I just read through eight years of blog posts about Mother's Day*. I stopped keeping a diary in college. Maybe that's why blogging has such an appeal to me. I write and know it's going to be read. Going through eight years of highs and lows of marking this day was tough. Some years I wrote a lot. Oddly last year I didn't write a damn thing on Mother's Day because I was so damn busy.
The past month has seen me give no less than three interviews about my feminism and how it came to be. Those who know me, know it means talking about my mother and maternal grandmother. Each interview helped me rediscover a bit about my past than I would have ever expected.
My maternal grandmother was heart broken that I didn't heed her advice to go to college and THEN find a boyfriend. Instead I found a boyfriend and then we both went off to college together. I think it turned out pretty well. We have a daughter and will celebrate 12 years of marriage on Mother's Day. But during interview #1, I was literally dumbstruck by the fact that while I disappointed my grandmother and she didn't live to see my husband & I get married, not to mention missing out on the kid, she would be freaking ecstatic over how egalitarian my marriage is and how hands-on Senor Feminista is as a father. Yeah, I think she'd be happy with the outcome.
I've told this story to just about everyone who has ever asked me about how I knew I was pro-choice: My mom raised me that way. As I told Chloe, the earliest memory I have of my mom instilling in me a sense of ownership over my body was when I was about 12 and she told me we didn't go to church because the Pope wouldn't let her take birth control pills. During interview #2 it dawned on me how much my mom knew me. She didn't have to explain birth control pills at that moment. We never had "the talk," but she was open with her pro-choice views. I know, odd. Then there were the times when she would comment about abortion and making it clear that she was pro-choice, but never explaining what abortion was. She just knew I knew. I think I was a senior in high school, maybe freshmen in college, she took me to view a documentary on midwives at her friend's house (who was my midwife) and it dealt with pregnancy, birthing, abortion...the whole enchilada. She sat back and watched me explain why I supported abortion rights to one of my dad's sister's during a camping trip. I remember my aunt was reading a USA Today about abortion and I responded with my thoughts. She taught me about reproductive justice without a heavy hand. She wasn't perfect. We had thrown downs about welfare and what constituted luxuries in the USA.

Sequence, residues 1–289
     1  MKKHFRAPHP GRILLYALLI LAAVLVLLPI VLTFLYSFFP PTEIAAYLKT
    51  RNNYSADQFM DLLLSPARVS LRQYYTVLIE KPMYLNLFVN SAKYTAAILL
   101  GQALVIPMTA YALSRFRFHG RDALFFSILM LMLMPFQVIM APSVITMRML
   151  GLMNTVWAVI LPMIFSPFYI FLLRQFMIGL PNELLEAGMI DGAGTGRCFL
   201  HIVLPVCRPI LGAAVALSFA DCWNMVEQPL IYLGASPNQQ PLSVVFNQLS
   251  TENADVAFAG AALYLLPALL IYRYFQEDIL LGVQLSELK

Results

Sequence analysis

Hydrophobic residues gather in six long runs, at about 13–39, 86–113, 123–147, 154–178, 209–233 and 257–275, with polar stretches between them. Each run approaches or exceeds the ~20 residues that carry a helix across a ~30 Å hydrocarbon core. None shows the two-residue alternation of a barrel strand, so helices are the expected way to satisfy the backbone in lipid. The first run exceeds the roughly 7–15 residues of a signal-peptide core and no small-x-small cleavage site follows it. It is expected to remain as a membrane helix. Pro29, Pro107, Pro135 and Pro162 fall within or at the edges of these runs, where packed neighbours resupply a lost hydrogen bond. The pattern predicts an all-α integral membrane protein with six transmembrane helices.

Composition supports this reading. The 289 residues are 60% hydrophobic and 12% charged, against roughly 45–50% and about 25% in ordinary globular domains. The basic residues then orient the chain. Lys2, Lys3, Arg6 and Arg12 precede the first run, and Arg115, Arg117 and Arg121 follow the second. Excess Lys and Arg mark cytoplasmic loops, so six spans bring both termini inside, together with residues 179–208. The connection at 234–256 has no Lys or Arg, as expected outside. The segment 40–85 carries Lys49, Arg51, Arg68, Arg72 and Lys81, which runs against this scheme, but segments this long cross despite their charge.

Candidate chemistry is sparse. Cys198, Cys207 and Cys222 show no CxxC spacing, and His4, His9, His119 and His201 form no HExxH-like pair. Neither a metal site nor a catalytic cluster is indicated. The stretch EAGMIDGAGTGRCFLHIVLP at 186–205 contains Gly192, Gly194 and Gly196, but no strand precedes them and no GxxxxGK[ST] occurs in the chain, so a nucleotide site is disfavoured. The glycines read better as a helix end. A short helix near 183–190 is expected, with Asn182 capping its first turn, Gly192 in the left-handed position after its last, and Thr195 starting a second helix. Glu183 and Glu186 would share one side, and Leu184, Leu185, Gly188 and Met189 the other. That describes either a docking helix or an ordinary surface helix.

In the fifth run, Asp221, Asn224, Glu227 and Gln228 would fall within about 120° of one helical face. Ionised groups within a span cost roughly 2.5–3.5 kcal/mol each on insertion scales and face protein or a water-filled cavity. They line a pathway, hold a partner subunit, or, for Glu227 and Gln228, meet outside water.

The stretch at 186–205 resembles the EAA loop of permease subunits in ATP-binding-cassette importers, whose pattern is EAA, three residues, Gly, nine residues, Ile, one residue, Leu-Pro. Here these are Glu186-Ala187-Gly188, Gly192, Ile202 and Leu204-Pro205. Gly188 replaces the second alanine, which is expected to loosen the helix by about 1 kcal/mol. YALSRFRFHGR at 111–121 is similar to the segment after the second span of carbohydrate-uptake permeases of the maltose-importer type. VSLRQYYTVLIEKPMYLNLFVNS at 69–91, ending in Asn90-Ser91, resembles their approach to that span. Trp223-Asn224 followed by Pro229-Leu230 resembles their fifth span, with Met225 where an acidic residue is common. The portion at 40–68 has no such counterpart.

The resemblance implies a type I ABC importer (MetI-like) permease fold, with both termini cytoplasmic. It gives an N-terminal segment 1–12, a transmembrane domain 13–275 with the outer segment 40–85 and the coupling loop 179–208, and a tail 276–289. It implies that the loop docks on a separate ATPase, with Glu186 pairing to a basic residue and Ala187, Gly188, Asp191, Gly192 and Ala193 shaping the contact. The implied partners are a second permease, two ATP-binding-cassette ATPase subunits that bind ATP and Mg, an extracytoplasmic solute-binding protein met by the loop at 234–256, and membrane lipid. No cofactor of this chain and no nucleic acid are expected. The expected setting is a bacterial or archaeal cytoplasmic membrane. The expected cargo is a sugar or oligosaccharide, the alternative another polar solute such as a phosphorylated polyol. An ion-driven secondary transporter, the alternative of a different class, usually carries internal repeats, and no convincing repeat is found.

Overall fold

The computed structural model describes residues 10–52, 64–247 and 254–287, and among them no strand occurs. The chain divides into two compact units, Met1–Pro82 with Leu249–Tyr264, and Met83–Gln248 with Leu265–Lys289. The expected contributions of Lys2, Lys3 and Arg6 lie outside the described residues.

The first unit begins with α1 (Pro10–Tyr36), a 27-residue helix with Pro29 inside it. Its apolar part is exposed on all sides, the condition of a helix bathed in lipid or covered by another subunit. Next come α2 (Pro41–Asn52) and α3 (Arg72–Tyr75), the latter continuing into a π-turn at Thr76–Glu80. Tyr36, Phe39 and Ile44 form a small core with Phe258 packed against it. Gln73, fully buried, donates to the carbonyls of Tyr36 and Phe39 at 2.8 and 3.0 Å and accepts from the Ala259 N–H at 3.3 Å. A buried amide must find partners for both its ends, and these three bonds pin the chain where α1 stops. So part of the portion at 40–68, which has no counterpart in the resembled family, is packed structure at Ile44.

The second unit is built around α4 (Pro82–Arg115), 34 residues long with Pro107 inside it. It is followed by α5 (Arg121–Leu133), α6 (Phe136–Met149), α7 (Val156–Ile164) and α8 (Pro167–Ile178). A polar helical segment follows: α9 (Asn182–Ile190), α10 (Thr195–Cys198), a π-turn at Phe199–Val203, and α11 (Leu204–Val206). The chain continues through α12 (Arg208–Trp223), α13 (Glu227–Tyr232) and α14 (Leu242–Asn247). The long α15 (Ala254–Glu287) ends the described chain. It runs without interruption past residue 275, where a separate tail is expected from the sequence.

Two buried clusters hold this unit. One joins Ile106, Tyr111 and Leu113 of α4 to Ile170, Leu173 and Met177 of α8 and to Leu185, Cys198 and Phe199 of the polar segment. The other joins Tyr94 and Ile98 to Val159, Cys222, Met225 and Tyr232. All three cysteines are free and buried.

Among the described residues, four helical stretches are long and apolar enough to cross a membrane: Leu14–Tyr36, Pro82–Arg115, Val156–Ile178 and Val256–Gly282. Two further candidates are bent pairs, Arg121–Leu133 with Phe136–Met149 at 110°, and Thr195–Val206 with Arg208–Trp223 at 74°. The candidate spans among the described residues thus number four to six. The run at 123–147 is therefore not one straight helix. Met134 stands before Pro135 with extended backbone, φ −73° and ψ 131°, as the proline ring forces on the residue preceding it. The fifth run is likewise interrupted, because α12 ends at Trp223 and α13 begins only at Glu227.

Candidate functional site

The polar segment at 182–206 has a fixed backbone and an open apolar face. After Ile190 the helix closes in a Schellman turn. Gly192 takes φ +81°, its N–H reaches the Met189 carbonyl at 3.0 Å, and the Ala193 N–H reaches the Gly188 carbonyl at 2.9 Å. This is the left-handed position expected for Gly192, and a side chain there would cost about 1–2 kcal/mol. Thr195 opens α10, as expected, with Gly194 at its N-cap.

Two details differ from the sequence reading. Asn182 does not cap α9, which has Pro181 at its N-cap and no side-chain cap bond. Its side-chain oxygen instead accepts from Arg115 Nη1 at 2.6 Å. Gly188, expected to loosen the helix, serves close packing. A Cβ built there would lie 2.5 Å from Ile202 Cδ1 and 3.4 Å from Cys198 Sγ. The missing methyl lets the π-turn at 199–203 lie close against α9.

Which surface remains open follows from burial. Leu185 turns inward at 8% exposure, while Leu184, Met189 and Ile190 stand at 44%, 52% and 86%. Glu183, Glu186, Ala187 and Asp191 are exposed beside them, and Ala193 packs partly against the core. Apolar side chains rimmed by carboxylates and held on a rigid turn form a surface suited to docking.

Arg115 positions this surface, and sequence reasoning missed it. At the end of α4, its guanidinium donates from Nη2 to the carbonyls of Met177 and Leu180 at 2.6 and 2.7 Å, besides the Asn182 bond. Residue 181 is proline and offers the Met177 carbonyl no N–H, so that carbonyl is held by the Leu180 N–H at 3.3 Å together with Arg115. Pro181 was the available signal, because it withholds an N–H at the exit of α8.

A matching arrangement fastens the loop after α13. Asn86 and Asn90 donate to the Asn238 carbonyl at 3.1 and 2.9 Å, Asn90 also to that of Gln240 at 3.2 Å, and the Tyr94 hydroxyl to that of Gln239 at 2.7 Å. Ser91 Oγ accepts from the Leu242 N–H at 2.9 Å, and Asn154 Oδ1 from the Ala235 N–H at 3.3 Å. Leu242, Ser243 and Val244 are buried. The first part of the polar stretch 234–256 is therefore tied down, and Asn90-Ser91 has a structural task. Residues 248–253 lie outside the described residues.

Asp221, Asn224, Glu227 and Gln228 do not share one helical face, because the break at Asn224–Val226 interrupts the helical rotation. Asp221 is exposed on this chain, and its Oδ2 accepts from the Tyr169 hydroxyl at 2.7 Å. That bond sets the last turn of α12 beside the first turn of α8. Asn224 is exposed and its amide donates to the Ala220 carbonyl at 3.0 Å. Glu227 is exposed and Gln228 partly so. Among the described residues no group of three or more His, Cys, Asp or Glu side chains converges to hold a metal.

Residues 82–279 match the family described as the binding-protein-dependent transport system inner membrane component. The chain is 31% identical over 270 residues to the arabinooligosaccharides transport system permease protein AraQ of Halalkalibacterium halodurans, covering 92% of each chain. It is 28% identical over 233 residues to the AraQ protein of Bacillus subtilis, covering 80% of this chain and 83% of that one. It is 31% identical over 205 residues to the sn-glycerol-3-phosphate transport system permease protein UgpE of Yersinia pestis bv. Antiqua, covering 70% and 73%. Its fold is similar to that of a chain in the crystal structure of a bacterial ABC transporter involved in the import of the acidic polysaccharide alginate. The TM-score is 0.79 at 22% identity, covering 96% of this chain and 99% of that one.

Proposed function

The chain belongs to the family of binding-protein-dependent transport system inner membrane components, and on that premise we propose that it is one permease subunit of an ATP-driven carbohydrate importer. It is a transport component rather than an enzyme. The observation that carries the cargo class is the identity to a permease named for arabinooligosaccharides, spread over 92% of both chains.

I've also recounted to a few interviewers over the years that I have the perfect response to anti's who ask me, "What if your mom was pro-choice?" She was and she chose me. I know this because I asked her when I was in high school, why at 18 she would have a baby in a country where it was legal to terminate a pregnancy. "I wanted you. It's that simple."
And that sums up why I am so vehemently pro-choice. Why every child must be a wanted child. I wish that every person could ask their mom why and hear that answer. "I wanted you." Because that is the conversation I will cherish, that I will remember the most. I was wanted.**
Happy Mother's Day, Mom.
* 2004-2007 are from my old blog. I might repost them here in the future.
** If my mom lied to me about this, this was the best lie she ever told me as she didn't hesitate or flinch.